Chikanobu was one of the leading woodblock print artists of the Meiji era, producing hundreds of high-quality print designs of a variety of subjects.
Born in 1838 in Niigata Prefecture, Chikanobu was the older of two sons. His father was a samurai, a retainer of the Sakakibara clan. He studied Kano school painting as a child and developed an interest in ukiyo-e in his teens. He studied with Kuniyoshi and then with Kunisada and Kunichika.
During the Meiji Restoration, he joined the Tokugawa shogun’s elite samurai brigade, the shogitai, and fought against the emperor’s forces in the Battle of Ueno and the Battle of Hakodate. After the fall of the shogun, he went to Tokyo and started to make a living as a woodblock print artist.
Chikanobu began his new career designing prints of kabuki scenes and actors in the styles of Kunisada and Kunichika. But over the years he developed his own distinctive style. It was more delicate, intricate, and sophisticated, with a beautiful array of colors. He started to take on more varied subjects. The customs, manners, and styles of women were favorite subjects. He did scenes from historical events and legendary tales, including military prints documenting the Sino-Japanese War and many other battles from the Meiji period and earlier. For a period of time, his prints showcased the modernization of Meiji Japan, but they later turned back to more traditional Japanese culture.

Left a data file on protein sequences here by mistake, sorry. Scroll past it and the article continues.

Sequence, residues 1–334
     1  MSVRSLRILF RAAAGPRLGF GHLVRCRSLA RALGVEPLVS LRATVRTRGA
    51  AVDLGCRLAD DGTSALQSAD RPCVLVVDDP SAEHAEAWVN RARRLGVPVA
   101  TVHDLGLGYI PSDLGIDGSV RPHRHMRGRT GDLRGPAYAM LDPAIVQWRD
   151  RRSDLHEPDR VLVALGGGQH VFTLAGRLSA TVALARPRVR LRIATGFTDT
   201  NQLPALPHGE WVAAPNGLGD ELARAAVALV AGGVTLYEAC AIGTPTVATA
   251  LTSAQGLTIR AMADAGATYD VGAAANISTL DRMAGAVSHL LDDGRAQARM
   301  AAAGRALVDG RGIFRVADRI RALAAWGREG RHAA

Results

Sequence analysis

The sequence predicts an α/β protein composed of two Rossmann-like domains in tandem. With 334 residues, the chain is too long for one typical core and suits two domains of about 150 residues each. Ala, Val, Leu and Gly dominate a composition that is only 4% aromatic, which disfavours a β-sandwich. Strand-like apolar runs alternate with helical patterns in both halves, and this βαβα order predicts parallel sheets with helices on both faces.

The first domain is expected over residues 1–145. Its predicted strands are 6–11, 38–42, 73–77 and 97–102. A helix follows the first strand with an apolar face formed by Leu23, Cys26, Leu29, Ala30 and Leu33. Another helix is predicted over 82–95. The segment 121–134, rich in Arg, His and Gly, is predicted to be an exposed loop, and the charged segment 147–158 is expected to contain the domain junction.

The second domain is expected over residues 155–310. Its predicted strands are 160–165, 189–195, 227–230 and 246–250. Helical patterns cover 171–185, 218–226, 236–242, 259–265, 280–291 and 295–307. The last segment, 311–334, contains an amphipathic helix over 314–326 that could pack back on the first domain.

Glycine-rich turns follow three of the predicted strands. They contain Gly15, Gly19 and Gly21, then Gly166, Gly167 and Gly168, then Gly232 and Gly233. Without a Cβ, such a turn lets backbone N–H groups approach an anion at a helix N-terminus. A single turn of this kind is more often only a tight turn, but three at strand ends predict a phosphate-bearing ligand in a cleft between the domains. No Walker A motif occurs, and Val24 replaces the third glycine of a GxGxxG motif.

Chikanobu's prints were released by a number of different publishers, mostly in Tokyo. The level of detail and deluxe printing techniques resulted in some of the best prints produced in the Meiji era. His beautifully detailed designs were quite popular during his lifetime and many of the single prints and triptychs commanded high prices at the time.